For my three boys, this is not an issue. They freely express anger, and they don’t try to hide it if they feel tired or cranky. But for Lucy, I worry that even I, much less society, have different expectations. This summer, I found myself losing my patience with her when she had meltdowns over details I deemed unimportant — her constant need to be the one to push the elevator button, or her wish to wear her sparkly-but-impractical flip-flops instead of her much more reliable sneakers, or her anger if a brother didn’t agree with her choice of DVD to watch.

Lucy can’t have her way all the time, and sometimes, I have to have the final word. This was the summer that we grappled with the tension between those facts and her developing sense of autonomy (and, at times, entitlement).

But I admit that in those moments, it was her anger that made me uncomfortable — the way she would scream at me in public when she lost her temper, or the way she would dissolve into hot, furious tears. She wasn’t “behaving.” She needed to “pull herself together.” I was embarrassed by her emotional public displays. I just wanted her to stop and … be more polite.

Of course, Lucy needs to learn how to express her anger more appropriately and to respect me and my decisions, and since she is just 5 years old, I have faith she will. But watching the testimony unfold at Swift’s trial this week, I have to ask myself: How do I teach Lucy to express her anger and to protect herself when she needs to without worrying what the world thinks of her for it?

I have spent much of my life trying to follow rules and be liked, to not ruffle feathers or make waves unless they were “good” waves. When I have stood up for myself or asked for what I wanted, I have often been regarded as “rude” or “difficult” or worse. It’s taken all my 43 years to get to a point where I don’t care (as much).

Taylor Swift was just 23 years old when the alleged groping occurred. At her age, I would have finished the meet-and-greet too, just grateful the people were there to see me, afraid to let them down, stunned and upset and too taken off-guard to react immediately to what had happened. I would have put everyone else’s needs before mine to be polite.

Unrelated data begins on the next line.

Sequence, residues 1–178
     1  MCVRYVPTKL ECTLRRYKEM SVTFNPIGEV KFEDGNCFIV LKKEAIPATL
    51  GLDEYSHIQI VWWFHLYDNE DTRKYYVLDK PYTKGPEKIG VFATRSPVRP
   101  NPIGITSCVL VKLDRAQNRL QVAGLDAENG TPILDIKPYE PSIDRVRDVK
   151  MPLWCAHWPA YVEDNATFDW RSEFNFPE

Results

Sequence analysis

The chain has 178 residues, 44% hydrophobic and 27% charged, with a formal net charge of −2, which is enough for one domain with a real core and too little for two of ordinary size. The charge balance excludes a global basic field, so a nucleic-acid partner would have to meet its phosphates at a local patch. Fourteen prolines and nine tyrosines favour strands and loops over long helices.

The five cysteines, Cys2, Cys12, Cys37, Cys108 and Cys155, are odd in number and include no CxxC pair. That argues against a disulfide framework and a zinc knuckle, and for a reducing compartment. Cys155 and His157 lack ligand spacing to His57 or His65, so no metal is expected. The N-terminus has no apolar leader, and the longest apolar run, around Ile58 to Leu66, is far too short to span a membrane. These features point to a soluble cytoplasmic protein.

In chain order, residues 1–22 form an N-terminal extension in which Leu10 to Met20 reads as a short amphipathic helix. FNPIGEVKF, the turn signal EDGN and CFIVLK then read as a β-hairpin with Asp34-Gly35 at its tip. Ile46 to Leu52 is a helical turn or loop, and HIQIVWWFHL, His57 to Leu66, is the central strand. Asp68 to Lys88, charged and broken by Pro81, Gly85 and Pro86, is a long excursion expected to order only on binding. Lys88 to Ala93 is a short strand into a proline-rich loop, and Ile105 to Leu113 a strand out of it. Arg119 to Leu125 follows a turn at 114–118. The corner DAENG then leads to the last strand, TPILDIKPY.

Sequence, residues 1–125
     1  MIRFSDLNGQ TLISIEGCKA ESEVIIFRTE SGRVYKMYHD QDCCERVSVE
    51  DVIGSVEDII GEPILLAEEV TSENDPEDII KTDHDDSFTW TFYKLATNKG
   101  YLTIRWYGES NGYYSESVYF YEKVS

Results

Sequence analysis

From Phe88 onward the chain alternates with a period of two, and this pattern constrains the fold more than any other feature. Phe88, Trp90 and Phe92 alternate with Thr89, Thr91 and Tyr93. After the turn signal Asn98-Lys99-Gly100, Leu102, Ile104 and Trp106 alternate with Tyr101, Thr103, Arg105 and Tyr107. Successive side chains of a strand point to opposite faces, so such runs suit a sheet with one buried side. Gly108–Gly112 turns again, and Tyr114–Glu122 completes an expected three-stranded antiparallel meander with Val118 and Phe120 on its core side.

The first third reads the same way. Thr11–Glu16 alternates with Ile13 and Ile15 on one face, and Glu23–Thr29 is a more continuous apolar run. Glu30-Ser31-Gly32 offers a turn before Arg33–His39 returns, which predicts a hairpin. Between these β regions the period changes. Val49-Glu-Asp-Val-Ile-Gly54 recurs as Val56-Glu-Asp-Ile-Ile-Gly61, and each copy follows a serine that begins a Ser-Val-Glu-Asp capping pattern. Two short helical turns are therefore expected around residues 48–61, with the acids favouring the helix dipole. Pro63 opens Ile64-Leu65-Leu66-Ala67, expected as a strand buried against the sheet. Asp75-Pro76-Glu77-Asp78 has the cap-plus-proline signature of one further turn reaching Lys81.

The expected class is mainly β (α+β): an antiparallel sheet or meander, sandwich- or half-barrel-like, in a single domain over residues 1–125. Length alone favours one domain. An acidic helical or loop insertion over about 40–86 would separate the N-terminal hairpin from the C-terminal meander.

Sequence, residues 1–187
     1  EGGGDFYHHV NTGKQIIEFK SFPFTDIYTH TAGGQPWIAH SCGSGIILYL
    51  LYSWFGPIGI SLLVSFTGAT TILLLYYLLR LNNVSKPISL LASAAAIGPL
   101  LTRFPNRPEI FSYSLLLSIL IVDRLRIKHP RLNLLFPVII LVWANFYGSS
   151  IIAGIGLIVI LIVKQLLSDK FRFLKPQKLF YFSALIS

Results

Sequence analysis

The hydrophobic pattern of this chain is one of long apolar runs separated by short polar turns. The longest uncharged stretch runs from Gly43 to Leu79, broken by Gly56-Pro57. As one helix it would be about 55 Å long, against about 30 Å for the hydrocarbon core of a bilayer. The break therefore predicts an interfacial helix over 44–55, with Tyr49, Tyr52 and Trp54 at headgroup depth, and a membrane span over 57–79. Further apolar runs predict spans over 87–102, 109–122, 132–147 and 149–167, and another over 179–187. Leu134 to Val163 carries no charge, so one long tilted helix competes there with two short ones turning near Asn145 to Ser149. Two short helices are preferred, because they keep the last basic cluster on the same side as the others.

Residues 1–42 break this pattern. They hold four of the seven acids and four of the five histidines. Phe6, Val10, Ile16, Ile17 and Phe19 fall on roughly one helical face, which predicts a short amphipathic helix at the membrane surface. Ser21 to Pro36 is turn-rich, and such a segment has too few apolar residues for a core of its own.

One of the greatest gifts I have given my own little girl are her three older brothers. No, they aren’t going to protect her and run away her suitors, the way everyone predicts when they hear she is the only girl; Lucy can take care of herself just fine. However, she has been able to grow up watching her brothers move through the world without expectations to please everyone. They ask for what they want, unabashedly. Their clips have all been moved from green to yellow at some point.

Lucy’s first day of kindergarten went smashingly well except for the running she had to do in P.E. (“It was just too hot!” she proclaimed.) I was happy for her, but there was a part of me that mourned her entry into the bigger world, where her heart can be broken, her feelings can be hurt, her body can be groped without her consent. I want her to stay this confident, spunky little person who thinks she runs the world forever.

I can’t protect my daughter from everything, but I can arm her with a strong sense of self-worth that does not rely on other’s opinions and a loud voice (which, her brothers would attest, we have accomplished). I can teach her when to be polite and when to be anything but. I can tell her that it’s okay if her clip sometimes gets moved. And when she’s older, I will tell her about how Taylor Swift used her voice not only to sing Lucy’s favorite song, “Bad Blood,” but also to stand up for herself and all women when it was most important.

Allison Slater Tate is a freelance writer and editor and the mother of four children. She writes about parenting regularly for TODAY Parents and can be found on Facebook or through her website.